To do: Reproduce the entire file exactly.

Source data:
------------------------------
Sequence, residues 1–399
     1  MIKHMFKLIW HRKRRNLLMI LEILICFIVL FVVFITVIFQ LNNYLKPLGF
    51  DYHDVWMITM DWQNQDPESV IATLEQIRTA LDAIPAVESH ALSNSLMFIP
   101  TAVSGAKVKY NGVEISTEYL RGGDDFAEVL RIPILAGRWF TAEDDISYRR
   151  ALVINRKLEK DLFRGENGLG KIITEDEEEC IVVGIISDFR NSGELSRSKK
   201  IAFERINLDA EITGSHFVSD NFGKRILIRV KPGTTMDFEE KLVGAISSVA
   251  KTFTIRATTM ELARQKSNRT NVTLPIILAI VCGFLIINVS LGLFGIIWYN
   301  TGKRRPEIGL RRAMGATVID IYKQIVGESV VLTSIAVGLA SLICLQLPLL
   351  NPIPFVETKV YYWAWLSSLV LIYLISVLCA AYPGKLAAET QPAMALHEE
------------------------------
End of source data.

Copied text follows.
Sequence, residues 1–399
     1  MIKHMFKLIW HRKRRNLLMI LEILICFIVL FVVFITVIFQ LNNYLKPLGF
    51  DYHDVWMITM DWQNQDPESV IATLEQIRTA LDAIPAVESH ALSNSLMFIP
   101  TAVSGAKVKY NGVEISTEYL RGGDDFAEVL RIPILAGRWF TAEDDISYRR
   151  ALVINRKLEK DLFRGENGLG KIITEDEEEC IVVGIISDFR NSGELSRSKK
   201  IAFERINLDA EITGSHFVSD NFGKRILIRV KPGTTMDFEE KLVGAISSVA
   251  KTFTIRATTM ELARQKSNRT NVTLPIILAI VCGFLIINVS LGLFGIIWYN
   301  TGKRRPEIGL RRAMGATVID IYKQIVGESV VLTSIAVGLA SLICLQLPLL
   351  NPIPFVETKV YYWAWLSSLV LIYLISVLCA AYPGKLAAET QPAMALHEE